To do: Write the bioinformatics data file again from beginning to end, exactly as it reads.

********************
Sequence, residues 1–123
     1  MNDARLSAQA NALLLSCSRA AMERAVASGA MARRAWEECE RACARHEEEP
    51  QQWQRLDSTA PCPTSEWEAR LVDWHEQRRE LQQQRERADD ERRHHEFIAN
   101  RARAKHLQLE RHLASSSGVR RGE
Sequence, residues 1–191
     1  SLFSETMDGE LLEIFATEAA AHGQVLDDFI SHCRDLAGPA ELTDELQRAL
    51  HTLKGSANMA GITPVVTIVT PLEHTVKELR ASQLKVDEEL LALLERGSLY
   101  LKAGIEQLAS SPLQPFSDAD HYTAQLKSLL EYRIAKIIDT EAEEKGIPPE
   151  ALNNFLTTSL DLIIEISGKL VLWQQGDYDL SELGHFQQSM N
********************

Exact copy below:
Sequence, residues 1–123
     1  MNDARLSAQA NALLLSCSRA AMERAVASGA MARRAWEECE RACARHEEEP
    51  QQWQRLDSTA PCPTSEWEAR LVDWHEQRRE LQQQRERADD ERRHHEFIAN
   101  RARAKHLQLE RHLASSSGVR RGE
Sequence, residues 1–191
     1  SLFSETMDGE LLEIFATEAA AHGQVLDDFI SHCRDLAGPA ELTDELQRAL
    51  HTLKGSANMA GITPVVTIVT PLEHTVKELR ASQLKVDEEL LALLERGSLY
   101  LKAGIEQLAS SPLQPFSDAD HYTAQLKSLL EYRIAKIIDT EAEEKGIPPE
   151  ALNNFLTTSL DLIIEISGKL VLWQQGDYDL SELGHFQQSM N